You've got a problem? I've got a solution! You can't save her if there's nothing to save!
|—Sieve, ready to attack.|
Agent Sieve, also known as a "Flec" (short for Reflection Police), is an enforcer in the mirror world who keeps the barrier between the prime world and the mirror world intact. He serves as one of the two main antagonists of Book Two. He died when Alan Dracula shoots his eye beams at him, causing Sieve to explode.
Not much is known about his history, but it may be related to Mace's, such as he used to be a reflection of a prime until they died and he became a mirror officer.
After a reflection starts acting independently from her prime, he and Mace are tasked with bringing in the prime, Tulip Olsen, as they reflection is to be sanded to dust. He goes into the prime world to stop the reflection if she escapes and fails when she leaves and his compromised suit keeps him from leaving.
After months of tracking down the rogue reflection, now going by M.T., they track her down to the Black Market Car. After various close calls, she escapes into the Family Tree Car and hides behind a deer. When he asks Mace if they should proceed, his partner points out that his suit is damaged and to turn back.
Before they can arrest M.T., she and her companions escape to the Toad Car. He speaks with Jesse, trying to convince him to stand aside as they file down M.T. and give them a way in, as Mace goes to get something to break down the door. When Mace returns he stands aside as his partner breaks down the door. When it opens the three escape with the Toad, which they need to kick to get out, trapping them inside. He comforts Mace soon after.
After Jesse goes against The Apex, Grace takes out a mirror to summon them to the Mall Car. As M.T. collapses in disbelief when she couldn’t follow Jesse off the train, he and Mace get ready finish her.
He and Mace give chase to M.T. and Alan Dracula. While she uses a Harpoon Pack to toss him away, Mace manages to apprehend her. However a car is moving towards the two and they run. He watches in horror as Mace’s Lower half gets crushed.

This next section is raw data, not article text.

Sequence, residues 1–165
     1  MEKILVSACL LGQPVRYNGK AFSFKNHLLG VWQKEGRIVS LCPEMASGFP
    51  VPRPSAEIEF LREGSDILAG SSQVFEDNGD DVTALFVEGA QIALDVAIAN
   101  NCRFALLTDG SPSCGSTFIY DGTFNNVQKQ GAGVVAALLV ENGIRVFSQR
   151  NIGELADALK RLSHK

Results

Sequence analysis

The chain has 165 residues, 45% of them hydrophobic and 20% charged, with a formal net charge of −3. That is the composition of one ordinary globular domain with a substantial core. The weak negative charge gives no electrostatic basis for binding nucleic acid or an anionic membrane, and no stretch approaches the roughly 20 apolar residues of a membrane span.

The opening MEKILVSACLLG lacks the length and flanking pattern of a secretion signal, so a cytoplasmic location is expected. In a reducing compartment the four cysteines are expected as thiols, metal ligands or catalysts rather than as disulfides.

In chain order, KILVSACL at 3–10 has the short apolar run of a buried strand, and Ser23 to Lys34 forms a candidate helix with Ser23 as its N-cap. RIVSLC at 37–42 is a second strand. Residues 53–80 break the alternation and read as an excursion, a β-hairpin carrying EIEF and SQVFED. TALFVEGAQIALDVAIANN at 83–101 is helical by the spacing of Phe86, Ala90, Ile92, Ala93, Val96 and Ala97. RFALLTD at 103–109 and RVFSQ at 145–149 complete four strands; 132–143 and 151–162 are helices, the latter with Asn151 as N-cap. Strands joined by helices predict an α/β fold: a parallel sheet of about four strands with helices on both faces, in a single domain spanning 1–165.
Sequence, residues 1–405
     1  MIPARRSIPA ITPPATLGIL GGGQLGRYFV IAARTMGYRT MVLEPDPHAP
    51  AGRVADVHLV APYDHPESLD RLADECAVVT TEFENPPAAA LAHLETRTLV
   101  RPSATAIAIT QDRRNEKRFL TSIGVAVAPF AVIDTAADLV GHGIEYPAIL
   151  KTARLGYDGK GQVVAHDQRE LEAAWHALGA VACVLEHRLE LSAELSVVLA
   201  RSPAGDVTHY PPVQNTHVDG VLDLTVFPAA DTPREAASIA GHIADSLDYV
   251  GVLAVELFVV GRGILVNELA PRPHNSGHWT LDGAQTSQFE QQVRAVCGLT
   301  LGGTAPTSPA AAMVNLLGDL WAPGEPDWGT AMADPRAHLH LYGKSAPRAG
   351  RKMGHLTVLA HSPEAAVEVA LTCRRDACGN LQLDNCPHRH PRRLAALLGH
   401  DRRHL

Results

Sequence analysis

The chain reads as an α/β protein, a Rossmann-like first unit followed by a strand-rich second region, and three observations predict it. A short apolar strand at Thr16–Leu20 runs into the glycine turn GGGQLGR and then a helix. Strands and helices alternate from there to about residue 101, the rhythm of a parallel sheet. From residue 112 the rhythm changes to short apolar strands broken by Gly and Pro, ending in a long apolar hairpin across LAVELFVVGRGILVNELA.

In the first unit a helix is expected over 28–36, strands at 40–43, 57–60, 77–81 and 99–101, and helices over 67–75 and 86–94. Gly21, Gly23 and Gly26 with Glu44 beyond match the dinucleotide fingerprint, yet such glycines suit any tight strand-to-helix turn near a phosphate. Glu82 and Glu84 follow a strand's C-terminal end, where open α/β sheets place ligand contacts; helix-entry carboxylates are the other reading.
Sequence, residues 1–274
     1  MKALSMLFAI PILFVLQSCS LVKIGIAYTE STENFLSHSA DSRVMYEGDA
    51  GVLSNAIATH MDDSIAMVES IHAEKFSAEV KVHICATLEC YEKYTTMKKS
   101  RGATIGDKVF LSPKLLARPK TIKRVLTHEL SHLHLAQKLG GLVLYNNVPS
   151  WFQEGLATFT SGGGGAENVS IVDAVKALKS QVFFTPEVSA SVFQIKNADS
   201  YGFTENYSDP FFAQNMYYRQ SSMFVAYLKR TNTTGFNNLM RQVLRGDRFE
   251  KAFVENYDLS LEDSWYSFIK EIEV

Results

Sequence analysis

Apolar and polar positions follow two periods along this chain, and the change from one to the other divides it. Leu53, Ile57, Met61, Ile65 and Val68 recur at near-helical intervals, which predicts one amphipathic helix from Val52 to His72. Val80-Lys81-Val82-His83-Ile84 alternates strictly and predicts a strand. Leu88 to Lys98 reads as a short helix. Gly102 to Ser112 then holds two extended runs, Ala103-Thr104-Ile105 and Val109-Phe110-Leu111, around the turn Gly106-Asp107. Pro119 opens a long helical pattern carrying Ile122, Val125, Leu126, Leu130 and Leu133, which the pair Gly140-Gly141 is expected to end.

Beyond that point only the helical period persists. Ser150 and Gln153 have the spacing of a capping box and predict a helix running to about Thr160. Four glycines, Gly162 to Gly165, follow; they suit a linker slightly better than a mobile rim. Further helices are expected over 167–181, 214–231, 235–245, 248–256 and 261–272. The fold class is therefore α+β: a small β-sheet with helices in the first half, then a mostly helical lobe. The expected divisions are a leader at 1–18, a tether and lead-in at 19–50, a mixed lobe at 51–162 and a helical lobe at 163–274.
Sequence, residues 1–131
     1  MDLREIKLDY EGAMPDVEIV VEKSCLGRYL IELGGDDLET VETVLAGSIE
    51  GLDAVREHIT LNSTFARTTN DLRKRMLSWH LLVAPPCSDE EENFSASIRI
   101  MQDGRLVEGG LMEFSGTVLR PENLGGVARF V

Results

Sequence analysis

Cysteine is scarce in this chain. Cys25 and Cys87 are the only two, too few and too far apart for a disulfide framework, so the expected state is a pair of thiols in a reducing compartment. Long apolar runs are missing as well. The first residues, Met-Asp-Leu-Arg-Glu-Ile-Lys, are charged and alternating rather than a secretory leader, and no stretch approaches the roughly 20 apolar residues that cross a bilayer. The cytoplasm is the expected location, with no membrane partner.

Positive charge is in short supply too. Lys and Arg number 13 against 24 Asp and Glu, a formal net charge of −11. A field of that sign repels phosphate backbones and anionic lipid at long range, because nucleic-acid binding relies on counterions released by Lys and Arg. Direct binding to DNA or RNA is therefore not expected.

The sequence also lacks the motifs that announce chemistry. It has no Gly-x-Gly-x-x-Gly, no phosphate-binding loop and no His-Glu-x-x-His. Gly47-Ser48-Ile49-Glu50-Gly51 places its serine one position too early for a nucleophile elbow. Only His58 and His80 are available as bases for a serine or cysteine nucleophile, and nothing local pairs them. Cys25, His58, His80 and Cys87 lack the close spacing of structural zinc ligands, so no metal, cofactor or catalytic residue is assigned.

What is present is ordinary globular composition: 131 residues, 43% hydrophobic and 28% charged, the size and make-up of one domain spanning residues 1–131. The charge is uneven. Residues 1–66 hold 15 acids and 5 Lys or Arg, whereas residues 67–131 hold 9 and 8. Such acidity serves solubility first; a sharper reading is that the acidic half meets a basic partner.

After learning of Mace’s death, he tracks M.T. down to the Passenger Preparation Car and tries to kill her to avenge his partner. When she manages to get an exit, he tries to drag her back on the train. M.T. throws a clump of grass at him, and Alan Dracula vaporizes him.
He is a ruthless mirror policeman that will go to any means possible to prevent rogue reflections, or "slivers," from escaping into the prime world. But, he is a little more merciful then Mace when he tries to bring in Lake alive before he decides to kill her.
Sieve has shown to be rather manipulative, able to convince people in a peaceful manner.
He has a tight bond with Mace like he cares about him a lot as shown when he comforts him twice and attempts to kill Lake in order to avenge his death.
- Metallic Bodies - Like all Mirror People, Sieve is nearly indestructible. He could survive falls that would be fatal for an average human. However, they are susceptible to damage from train wheels as shown with Special Agent Mace.
- Skins - Agents have special suits that cover their bodies (particularly their face and hands), which allow them to leave and enter the mirror world at their leisure, to the point that they can "teleport" between reflective surfaces. However, the suits are susceptible to tearing.
- Sanders - Agents wield long sanders that are wielded similarly to tonfas, which are presumably used to grind Slivers into oblivion.
- The Lawbreaker - A battery charged high tech laser with the ability to evenly cut through car doors.
- His car made a cameo in the short "The Snow Car."
- Mace and Sieve were created at the request of Cartoon Network: the original script for "The Chrome Car" by Lindsay Katai featured nameless comic relief cops. The executives came back with the note that the episode needed higher stakes and more action, which led to the creation of the two characters.
- While Mace and Sieve generally take on the role of the "good cop/bad cop" trope, this did not necessarily translate from the writers' perspective. Katai considers them more "bad cop" (Mace) and "less-bad cop" (Sieve), while Justin Michael believes Sieve tries to live his life like the good cops of his favorite TV shows/movies, but he actually lacks any sort of moral conviction, which in some ways makes him worse than Mace.
- "Mace/Sieve: These characters only exist bc CN wanted more action in Chrome Car. Originally there were nameless comic relief cops. Then we got this note for higher stakes and I came back with Mace and Sieve. So thank CN for that!"
- Justin Michael on Twitter. "Sieve: we wanted him to appear to be the “good cop.” A self-conscious dude actively living his best procedural cop show / action movie life. I always saw him as more insidious. He doesn’t even have Mace’s moral conviction, so he’s simply in it for the power."